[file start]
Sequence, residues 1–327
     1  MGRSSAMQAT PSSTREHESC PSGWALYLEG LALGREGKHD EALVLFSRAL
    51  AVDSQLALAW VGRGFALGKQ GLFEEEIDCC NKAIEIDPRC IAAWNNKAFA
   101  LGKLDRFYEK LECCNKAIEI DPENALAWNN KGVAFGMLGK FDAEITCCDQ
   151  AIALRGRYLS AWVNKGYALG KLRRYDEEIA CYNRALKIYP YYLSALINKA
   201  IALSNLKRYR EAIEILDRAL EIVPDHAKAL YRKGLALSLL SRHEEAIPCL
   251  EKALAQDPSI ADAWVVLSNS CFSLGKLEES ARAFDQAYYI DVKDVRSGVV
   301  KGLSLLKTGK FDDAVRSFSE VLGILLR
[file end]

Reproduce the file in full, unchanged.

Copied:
Sequence, residues 1–327
     1  MGRSSAMQAT PSSTREHESC PSGWALYLEG LALGREGKHD EALVLFSRAL
    51  AVDSQLALAW VGRGFALGKQ GLFEEEIDCC NKAIEIDPRC IAAWNNKAFA
   101  LGKLDRFYEK LECCNKAIEI DPENALAWNN KGVAFGMLGK FDAEITCCDQ
   151  AIALRGRYLS AWVNKGYALG KLRRYDEEIA CYNRALKIYP YYLSALINKA
   201  IALSNLKRYR EAIEILDRAL EIVPDHAKAL YRKGLALSLL SRHEEAIPCL
   251  EKALAQDPSI ADAWVVLSNS CFSLGKLEES ARAFDQAYYI DVKDVRSGVV
   301  KGLSLLKTGK FDDAVRSFSE VLGILLR